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In 1978, John Payne started brewing beer to supply Bell's Diner, the highly-regarded Bristol restaurant that he co-managed. He made the beer on the premises and produced small quantities, but the dearth of good beer available at that time meant that his brews soon started to attract attention of a wider public.
Smiles then moved to the central Bristol premises that it now occupies, and set up a traditonal gravity-fed brewery producing a large selection of ales.

In 1992, John sold the brewery to Ian Williams, an accountant, and left to start a new restaurant, (where yours truly worked). The brewery is now at its most successful, with several award-winning pubs, such as the Brewery Tap, and a growing bottled beer business.

Smiles produces a wide variety of beers, including seasonal brews that change on a regular basis. The names of these include some truly bad puns.

Heritage is available in bottles in supermarkets in the UK, as well as several places in the US. This export market has taken off for Smiles in a big way in the past few years.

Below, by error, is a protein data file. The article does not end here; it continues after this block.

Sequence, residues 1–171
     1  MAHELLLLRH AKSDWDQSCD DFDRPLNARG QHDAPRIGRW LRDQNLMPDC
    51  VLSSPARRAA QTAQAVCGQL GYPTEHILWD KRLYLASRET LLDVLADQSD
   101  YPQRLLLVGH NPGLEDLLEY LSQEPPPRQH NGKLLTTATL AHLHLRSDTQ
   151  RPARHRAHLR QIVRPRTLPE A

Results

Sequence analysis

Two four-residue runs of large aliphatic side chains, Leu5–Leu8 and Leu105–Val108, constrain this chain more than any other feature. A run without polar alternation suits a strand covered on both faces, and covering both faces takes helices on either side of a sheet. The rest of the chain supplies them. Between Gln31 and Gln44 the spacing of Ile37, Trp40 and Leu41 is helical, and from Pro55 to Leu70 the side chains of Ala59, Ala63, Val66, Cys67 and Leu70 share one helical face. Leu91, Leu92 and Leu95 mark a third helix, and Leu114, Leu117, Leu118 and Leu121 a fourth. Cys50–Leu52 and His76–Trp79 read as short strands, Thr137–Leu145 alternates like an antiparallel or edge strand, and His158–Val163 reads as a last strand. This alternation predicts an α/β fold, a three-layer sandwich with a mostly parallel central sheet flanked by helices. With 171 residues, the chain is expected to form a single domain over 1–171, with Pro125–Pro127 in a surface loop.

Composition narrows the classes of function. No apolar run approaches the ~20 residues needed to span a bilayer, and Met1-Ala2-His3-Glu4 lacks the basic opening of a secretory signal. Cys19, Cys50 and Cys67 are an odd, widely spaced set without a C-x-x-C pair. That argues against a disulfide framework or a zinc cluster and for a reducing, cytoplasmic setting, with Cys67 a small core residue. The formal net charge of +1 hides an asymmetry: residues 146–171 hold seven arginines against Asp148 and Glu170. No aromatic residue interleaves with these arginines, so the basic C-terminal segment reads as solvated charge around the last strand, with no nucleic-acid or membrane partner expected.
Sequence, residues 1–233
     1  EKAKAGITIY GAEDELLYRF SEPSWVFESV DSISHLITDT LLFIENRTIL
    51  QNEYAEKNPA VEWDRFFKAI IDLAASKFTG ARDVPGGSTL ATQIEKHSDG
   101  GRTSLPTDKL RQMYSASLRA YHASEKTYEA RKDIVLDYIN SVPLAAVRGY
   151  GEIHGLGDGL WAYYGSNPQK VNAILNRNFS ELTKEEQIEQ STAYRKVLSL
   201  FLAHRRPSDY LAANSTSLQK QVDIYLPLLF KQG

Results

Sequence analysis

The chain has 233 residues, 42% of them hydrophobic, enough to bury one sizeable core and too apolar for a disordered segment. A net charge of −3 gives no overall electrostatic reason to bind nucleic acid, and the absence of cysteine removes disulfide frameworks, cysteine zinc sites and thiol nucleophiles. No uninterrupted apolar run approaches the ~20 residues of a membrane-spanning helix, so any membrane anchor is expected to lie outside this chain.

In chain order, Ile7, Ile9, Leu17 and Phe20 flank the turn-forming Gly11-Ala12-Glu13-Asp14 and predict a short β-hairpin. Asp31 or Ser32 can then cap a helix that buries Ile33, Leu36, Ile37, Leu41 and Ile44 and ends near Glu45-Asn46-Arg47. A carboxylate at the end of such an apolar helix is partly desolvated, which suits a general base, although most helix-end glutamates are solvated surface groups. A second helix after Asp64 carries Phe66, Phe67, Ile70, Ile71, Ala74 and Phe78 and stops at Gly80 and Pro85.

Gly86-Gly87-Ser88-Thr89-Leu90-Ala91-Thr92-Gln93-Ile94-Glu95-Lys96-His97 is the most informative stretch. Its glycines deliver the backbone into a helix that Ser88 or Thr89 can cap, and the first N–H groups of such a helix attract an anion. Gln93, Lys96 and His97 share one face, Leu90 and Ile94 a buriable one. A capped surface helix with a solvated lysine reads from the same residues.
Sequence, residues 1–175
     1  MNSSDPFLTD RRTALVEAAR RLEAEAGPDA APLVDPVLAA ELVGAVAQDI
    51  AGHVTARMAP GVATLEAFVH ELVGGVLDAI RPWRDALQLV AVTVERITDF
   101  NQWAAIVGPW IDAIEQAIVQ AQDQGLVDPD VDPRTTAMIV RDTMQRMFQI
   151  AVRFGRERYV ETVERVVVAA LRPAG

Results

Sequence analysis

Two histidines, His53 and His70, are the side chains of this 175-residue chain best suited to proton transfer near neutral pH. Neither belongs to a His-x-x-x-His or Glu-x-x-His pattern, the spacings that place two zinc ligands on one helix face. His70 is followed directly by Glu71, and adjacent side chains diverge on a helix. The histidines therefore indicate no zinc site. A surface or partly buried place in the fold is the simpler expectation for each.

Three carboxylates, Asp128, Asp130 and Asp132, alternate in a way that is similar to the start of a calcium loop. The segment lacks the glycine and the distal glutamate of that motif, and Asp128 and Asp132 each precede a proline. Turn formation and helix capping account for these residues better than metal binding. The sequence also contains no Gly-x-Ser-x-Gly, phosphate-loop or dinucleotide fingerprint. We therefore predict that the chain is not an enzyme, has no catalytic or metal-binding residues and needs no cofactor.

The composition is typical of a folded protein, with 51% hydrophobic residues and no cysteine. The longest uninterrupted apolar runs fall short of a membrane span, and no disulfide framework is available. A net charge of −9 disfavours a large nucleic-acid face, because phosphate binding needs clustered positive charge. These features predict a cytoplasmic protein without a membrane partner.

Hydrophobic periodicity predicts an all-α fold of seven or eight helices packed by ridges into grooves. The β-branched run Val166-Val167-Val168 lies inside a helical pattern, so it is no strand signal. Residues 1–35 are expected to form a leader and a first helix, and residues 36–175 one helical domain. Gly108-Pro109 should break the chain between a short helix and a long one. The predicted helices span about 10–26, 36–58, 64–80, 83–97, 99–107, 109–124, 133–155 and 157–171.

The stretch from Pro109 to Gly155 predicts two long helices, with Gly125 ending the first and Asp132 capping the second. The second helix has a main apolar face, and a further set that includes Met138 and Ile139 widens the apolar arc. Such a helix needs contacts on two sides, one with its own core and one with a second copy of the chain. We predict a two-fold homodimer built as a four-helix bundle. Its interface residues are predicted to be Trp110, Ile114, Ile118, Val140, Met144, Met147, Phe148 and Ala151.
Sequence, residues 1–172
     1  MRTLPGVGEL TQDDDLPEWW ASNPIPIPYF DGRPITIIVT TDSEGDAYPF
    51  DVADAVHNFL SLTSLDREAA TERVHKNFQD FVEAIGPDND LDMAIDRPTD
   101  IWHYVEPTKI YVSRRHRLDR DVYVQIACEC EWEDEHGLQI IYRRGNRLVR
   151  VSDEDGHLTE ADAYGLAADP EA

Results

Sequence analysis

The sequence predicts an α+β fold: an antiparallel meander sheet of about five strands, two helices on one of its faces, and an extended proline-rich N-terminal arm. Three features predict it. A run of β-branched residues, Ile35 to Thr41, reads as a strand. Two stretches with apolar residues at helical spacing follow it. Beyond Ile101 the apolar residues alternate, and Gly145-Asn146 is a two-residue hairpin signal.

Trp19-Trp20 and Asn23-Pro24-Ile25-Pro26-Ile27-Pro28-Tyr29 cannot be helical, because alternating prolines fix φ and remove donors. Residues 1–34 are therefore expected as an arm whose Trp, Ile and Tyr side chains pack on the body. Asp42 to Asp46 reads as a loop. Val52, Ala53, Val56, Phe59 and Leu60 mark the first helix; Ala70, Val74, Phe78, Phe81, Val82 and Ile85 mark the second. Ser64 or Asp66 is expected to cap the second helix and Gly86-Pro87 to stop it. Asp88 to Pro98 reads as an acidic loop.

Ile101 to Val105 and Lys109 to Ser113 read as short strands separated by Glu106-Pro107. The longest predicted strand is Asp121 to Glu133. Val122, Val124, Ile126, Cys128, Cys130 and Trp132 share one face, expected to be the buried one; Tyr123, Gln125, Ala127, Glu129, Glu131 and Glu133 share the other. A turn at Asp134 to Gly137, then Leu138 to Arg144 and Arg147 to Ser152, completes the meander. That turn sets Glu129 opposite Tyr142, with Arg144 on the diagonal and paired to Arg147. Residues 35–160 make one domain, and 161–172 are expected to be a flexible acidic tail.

Any visitor to Bristol should do the brewery tour, which is fascinating and very funny. They are conducted by the brewers themselves, who are hugely knowledgeable, opinionated ("Cans?, Don't swear at me!"), and generally entertaining. Don't let the fact mice have been known to be spotted on these tours put you off: it all adds to the flavour.
The brewery itself is spread over 4 narrow floors, with the malt and hops hoisted to the loft with pulleys, from where they descend to each floor for the different stages of the brewing process.
The Brewery Tap, attached to the brewery, is a good pub in which to sample some of the beers.

On that note, may I humbly suggest A piss-up in a brewery: an E2 Bristol noders meet, with a tour of Smiles, at some point in the future.

Over New Year 2004/2005, Smiles Brewery went into liquidation. The pubs were transferred to a new company (Smiles Pubs Ltd.) and the brewery was closed. The rights to brew Smiles beers were sold to the Highgate Brewery. The results have not been good, with the beers showing little resemblance to the Smiles beers of old. The head brewer, Chris Thurgeson, left to join the new Beer Factory brewery, which shows promising signs. There are rumours that a microbrewery will be installed in the site of the old brewery, supplying the Brewery Tap. See http://www.camrabristol.org.uk/pw65.pdf for details.

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